Xhaka – who is unequivocally our unofficial captain and is respected and adored by players and staff – had to say this about the Norwegian: 

“He’s already captain when Alexandre Lacazette does not play. He can be very proud of himself. You can see how far he has come in his head, mentally. He is very young, only 23, but in how he behaves and is on the field, he looks like he’s 30. It looks like he has already played 500 or 600 games.”

“He can definitely become Arsenal captain. He has the DNA in him. He works as hard every day as if he were in a fight. He does a lot of extra work. He is humble. Everyone in the dressing room listens to him. Why not?”

With Xhaka out of the equation for obvious reasons, Lacazette and Aubameyang gone and Tierney spending too long on the sidelines, Odegaard seems the natural choice. The bar is very low for Odegaard following the last few (Aubameyang should never have been made captain) but I think Odegaard has all the tools to succeed. 

Odegaard will be another player looking to improve again this season. He had another impressive season last year but Arteta will be hoping for him to influence games the way we know he can in every single game he plays. In April, Arteta mentioned how the work he was doing on the training pitch with Odegaard would start to bear fruit at the start of this season. ”What we are working on now, you will see in three months or six months,” Arteta explained. The Norwegian was another man to get on the scoresheet in the friendly and I think he will be the main benefactor of Jesus up top. He was the stalwart and Arteta’s technical leader of the team last season, playing pretty much every game bar one dip in form early in the season. Against Chelsea, he immediately recaptured his form on that right hand side with Saka and the introduction of Jesus looks to have only aided the fluidity between those three. As mentioned previously, if he keeps creating changes at the rate he was last season, then his tally of 4 assists in the league will be comfortably beaten with the introduction of Jesus. As pointed out by Tim Stillman on the Arsenal Vision Podcast, as will his ability to get into the box where most of his goals came from last season (and against Chelsea) as this position is not being constantly taken up by Lacazette.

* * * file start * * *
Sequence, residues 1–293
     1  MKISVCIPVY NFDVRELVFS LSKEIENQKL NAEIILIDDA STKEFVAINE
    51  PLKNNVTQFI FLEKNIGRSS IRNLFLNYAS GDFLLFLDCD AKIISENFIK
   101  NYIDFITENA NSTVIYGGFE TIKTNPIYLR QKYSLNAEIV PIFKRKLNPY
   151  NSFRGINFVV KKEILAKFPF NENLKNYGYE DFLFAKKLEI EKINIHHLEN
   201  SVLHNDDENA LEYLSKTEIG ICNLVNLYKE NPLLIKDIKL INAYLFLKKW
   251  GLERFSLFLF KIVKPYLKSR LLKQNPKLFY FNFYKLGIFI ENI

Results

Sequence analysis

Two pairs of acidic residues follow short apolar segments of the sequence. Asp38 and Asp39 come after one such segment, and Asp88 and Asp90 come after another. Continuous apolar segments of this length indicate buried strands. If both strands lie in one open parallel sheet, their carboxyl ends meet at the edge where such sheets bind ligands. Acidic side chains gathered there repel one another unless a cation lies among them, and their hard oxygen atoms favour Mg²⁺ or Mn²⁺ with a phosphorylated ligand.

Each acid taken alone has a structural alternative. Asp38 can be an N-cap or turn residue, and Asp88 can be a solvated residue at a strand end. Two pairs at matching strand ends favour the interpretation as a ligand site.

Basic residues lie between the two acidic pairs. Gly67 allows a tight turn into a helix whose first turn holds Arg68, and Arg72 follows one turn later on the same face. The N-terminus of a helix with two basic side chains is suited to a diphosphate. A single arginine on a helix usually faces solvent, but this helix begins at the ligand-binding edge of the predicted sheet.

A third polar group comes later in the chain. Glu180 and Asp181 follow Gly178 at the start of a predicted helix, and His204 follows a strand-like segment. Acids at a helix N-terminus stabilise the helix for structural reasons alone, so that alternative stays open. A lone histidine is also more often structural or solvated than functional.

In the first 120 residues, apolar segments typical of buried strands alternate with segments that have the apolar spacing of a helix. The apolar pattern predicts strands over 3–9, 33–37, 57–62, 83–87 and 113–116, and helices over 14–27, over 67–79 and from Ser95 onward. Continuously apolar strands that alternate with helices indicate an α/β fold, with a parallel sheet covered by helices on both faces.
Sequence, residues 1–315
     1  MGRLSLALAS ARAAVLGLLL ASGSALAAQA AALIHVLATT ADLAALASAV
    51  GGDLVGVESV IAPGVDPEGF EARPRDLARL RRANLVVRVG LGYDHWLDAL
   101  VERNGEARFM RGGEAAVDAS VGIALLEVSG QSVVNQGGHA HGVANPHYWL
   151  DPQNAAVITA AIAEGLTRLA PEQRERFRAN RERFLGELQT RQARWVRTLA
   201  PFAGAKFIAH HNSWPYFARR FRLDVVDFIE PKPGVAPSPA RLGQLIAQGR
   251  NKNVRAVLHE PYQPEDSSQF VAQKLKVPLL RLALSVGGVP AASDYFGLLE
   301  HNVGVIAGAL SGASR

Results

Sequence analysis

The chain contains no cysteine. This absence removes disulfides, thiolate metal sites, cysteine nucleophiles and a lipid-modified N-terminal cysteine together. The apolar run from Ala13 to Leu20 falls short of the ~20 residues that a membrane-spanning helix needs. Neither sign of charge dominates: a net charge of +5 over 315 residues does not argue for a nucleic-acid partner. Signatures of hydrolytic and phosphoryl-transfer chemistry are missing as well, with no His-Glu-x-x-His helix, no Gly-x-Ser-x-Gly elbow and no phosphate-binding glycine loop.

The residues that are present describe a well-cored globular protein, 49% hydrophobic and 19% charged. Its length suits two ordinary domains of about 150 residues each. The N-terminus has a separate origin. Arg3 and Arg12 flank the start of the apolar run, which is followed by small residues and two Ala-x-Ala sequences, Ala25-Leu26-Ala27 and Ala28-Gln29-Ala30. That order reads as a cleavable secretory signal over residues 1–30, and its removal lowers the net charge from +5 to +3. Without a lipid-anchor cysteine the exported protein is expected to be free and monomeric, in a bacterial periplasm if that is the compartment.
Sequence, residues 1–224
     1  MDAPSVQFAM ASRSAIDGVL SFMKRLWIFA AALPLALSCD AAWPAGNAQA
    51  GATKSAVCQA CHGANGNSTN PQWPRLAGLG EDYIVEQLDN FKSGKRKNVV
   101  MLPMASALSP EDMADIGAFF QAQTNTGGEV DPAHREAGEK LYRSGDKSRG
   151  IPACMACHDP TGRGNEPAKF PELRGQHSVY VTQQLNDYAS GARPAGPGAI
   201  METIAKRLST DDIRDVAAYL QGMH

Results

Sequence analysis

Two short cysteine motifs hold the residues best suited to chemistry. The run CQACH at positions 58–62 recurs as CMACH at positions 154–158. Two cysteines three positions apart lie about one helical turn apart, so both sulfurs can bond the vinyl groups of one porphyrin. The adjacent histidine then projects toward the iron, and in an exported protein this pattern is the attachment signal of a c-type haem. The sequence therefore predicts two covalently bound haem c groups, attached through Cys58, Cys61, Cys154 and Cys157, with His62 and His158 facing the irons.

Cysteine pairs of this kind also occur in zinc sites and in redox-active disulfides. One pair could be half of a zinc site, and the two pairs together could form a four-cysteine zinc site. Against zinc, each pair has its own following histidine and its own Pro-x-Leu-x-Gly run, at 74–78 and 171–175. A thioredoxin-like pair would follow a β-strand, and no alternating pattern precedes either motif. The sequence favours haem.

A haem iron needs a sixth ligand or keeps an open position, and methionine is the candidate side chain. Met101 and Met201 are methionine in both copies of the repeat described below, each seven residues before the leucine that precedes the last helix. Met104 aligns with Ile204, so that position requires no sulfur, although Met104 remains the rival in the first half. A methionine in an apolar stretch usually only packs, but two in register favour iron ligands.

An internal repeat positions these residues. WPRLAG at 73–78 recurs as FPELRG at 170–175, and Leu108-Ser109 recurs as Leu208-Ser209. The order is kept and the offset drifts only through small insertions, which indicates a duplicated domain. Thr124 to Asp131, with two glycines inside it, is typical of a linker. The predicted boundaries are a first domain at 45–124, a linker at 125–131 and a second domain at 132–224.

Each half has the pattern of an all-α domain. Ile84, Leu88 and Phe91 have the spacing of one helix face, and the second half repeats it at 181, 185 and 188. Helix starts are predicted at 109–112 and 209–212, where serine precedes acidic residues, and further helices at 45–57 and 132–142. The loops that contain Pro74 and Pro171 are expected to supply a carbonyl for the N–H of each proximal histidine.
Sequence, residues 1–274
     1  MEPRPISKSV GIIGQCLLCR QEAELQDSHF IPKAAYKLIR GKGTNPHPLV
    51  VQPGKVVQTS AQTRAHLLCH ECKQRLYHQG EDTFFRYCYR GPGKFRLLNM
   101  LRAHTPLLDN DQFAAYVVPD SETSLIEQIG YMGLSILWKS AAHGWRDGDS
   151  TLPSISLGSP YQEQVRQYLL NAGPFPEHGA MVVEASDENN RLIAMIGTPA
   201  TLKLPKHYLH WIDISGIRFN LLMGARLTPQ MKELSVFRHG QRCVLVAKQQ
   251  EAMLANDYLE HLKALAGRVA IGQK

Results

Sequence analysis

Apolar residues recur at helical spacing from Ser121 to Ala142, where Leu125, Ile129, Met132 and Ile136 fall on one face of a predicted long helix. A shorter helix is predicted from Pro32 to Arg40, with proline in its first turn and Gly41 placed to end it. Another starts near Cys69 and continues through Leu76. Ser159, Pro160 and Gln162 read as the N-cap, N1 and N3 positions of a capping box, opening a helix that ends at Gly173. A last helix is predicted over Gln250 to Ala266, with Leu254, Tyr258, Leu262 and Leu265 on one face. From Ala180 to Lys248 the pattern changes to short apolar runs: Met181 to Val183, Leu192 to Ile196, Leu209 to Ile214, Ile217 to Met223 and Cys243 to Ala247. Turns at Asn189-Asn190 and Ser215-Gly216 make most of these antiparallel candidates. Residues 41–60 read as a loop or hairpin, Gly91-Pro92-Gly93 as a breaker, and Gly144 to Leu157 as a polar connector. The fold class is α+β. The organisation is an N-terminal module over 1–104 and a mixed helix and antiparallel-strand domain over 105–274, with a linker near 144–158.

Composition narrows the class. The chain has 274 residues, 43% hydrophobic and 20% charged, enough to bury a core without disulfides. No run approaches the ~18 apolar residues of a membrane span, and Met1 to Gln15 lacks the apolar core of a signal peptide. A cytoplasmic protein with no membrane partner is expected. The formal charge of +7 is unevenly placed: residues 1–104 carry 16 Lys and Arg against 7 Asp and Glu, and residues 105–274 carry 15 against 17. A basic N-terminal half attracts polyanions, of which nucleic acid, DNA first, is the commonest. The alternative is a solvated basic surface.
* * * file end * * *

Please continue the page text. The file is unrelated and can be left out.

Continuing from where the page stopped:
Edu sat down and gave some interviews with journalists in America and whilst there was a lot of classic corporate talk and revisionism – there were some interesting quotes and most notably about how 22/23 was the target season in place for this team to explode (I am paraphrasing some what). I think all signs have pretty much pointed to this being the case, with such a young squad being signed and with those more senior players being pushed out the door. The squad is now well balanced, deep and has the potential to grow exponentially. However, with this spending comes increased expectations and I think we are now in a position where we can compete in the majority of the competitions we are in this season, whilst also improving our standing in the league. However, whilst our moves are all incredibly exciting, we are not the only ones improving this season. Spurs have added Richarlison, Bissouma, Lenglet, Perisic and Spence amongst others, Chelsea have signed Sterling and Koulibaly and will probably add another few, whilst Man United have hired an actual functioning manager. The Chelsea game was fascinating and whilst I should know to not read too much into these games, it provided an interesting window into how the team is going to function against Palace and the rest of the season.